PORT TOWNSEND â€” When Mike Loriz was serving as a Navy fighter pilot during the first Gulf War, he thought he was working to rid Kuwait of an unwelcome invader.
â€śHowever, one relative wrote that she was proud of me for serving, but wished it was not a case of fighting for oil,â€ť Loriz wrote recently in a letter to Port Townsendâ€™s Historic Preservation Committee.
â€śWith hindsight, I realized she could have a point. Since then, I have considered it to be a mandatory responsibility to use the sun and wind for power as much as possible.â€ť
In that letter, Loriz, who serves as 1st vice commander of American Legion Post 26 in downtown Port Townsend, asked the committee to support the Legionâ€™s plan to install an array of solar panels on the southeast side of the 1941 buildingâ€™s roof.
At its Tuesday meeting, the committee voted unanimously to recommend approval of the project, a decision that ultimately rests with the director of the cityâ€™s Development Services Department, Lance Bailey.
John McDonagh, a senior planner with the department who acts as a liaison to the committee, said he expects the project will be approved in the next couple of weeks with the condition that a building permit is obtained.
â€śI think the general feeling among the committee members was that weâ€™re in a time of doing things differently and that taking strategies to combat climate change are important,â€ť said Richard Berg, who chairs the committee tasked with reviewing development proposals within the cityâ€™s historic districts.
Loriz said he couldnâ€™t agree more, especially in the wake of the ongoing coronavirus pandemic, which forced the Legion to close its doors and the bar that accounts for most of its revenue.
â€śOnce COVID hit, our main source of revenue dried up,â€ť he said, noting the local veterans organization doesnâ€™t expect to reopen until Jefferson County enters Phase 4 of the Gov. Jay Insleeâ€™s paused â€śSafe Startâ€ť plan. â€śThese solar panels will really help us survive in the long term financially.â€ť
David Campbell Jr., solar project manager at Frederickson Electricâ€™s Cascadia Solar, is handling the project for the Legion. He told the committee the project would offset 68 percent the Legionâ€™s electrical usage, saving the nonprofit $60,000 over 25 years.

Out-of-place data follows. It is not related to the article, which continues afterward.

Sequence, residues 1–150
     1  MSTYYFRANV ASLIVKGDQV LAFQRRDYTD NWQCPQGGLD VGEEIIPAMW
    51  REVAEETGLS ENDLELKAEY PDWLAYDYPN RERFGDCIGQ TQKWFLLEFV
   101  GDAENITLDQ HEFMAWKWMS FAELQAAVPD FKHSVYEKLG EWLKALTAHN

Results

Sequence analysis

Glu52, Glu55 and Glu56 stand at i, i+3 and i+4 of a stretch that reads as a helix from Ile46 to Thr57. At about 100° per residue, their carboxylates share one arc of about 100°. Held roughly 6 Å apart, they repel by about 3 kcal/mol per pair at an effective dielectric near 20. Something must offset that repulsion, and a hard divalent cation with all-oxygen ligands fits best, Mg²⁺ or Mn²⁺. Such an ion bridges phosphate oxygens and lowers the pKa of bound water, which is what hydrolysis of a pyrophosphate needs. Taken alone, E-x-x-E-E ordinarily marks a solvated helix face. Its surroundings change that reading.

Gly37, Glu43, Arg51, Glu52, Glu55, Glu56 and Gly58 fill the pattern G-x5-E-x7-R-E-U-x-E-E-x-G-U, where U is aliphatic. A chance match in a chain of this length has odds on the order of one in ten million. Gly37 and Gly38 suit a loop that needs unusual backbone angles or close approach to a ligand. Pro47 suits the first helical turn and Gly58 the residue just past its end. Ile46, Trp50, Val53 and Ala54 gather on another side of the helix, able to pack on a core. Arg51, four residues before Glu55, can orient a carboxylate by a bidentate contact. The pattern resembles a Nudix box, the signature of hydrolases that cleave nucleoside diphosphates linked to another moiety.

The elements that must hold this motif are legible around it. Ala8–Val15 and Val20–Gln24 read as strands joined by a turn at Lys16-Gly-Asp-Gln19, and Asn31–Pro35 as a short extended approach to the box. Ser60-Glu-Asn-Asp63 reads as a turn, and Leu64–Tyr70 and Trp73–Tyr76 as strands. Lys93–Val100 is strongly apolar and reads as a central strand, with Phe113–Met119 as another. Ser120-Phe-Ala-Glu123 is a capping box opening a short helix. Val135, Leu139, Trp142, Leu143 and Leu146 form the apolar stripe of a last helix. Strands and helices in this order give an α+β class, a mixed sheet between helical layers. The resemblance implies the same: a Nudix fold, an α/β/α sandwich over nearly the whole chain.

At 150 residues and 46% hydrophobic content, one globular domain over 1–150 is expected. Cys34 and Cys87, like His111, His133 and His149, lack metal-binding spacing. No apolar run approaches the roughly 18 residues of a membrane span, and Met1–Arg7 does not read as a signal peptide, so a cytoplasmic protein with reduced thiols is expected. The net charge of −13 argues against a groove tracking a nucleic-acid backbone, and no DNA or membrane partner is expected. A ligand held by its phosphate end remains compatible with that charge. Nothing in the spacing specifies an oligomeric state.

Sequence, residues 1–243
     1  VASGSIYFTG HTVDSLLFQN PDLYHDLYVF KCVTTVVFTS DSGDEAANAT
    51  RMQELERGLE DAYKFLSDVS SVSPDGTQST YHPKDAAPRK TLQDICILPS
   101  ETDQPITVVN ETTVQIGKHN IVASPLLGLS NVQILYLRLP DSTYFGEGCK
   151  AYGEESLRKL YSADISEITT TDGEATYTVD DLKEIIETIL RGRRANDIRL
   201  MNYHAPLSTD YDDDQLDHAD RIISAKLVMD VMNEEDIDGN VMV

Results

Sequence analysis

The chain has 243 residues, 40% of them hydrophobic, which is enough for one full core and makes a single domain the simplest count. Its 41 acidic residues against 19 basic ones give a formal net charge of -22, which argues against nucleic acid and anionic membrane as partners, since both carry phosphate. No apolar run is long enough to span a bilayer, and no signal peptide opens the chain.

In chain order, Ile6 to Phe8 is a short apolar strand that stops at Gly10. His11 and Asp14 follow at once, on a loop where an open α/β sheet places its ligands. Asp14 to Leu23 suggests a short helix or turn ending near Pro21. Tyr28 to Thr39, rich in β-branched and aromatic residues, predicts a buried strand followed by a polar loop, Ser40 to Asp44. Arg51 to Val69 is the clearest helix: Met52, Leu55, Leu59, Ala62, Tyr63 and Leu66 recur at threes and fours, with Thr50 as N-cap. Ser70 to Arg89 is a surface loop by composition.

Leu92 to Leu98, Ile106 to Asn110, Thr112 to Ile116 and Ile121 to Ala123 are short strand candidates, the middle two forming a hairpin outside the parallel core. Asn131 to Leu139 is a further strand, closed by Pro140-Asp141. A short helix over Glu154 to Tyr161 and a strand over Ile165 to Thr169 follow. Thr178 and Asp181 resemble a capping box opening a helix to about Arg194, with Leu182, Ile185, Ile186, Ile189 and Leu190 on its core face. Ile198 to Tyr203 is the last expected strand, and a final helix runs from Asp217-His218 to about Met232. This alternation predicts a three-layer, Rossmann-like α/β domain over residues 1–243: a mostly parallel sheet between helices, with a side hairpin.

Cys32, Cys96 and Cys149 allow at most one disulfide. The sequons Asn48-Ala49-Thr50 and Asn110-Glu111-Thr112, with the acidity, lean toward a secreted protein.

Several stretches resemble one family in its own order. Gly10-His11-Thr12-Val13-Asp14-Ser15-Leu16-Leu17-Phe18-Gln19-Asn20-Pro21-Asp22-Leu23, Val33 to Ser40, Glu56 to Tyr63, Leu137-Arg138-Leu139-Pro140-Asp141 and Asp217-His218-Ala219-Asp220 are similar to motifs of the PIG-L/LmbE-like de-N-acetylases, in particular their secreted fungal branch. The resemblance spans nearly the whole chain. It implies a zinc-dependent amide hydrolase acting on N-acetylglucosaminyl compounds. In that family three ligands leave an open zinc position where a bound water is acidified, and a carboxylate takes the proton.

â€śThe site would also serve as an example of positive change towards a clean energy future and a step to reduce climate change, nuclear waste and hydropower impacts on salmon,â€ť he wrote in his application to the committee.
The Legion aims to offset the rest of its electrical bill with additional energy-efficiency improvements, Loriz said, including switching all light bulbs to LEDs and replacing its traditional tank-based water heater with a tankless heater.
â€śWeâ€™re on a top-to-bottom efficiency push,â€ť he said. â€śBetween all these things, weâ€™ll be pretty close to carbon neutral, at least as far as electricity goes.â€ť
With little money in the bank, the nearly $50,000 project will be paid for with donations from local Legion members and the community.
In July, Loriz launched a GoFundMe fundraiser to supplement $30,000 in contributions from members.
By early September, Loriz had reach his goal.
â€śWeâ€™re just so grateful for the donations from the community,â€ť he said. â€śThe support has just been fantastic.â€ť
Before he moved to Port Townsend in 2014, Loriz spent five years as commander of Post 281 in Queens, N.Y., before the post was taken over by the city, he said.
â€śWe went bust in the early part of the Great Recession,â€ť he said, citing a national trend of declining membership and rising facility costs that put many American Legion posts in a challenging financial position.
â€śWhen I came out here, I was worried we might be on that same path,â€ť he said. â€śSo a couple of us here at the Legion have been looking at ways to save money.â€ť
Loriz first put solar panels on his home, back in New York, 15 years ago. He did the same when he moved to Port Townsend.
â€śWe make a little more electricity than we use every year, and thatâ€™s a good feeling,â€ť he said. â€śIf we can all do a better job of conserving, going toward wind and solar, we can get away from our whole dependence on oil and save money in the long run.â€ť
Jefferson County senior reporter Nicholas Johnson can be reached by phone at 360-417-3509 or by email at [emailÂ protected]. <!–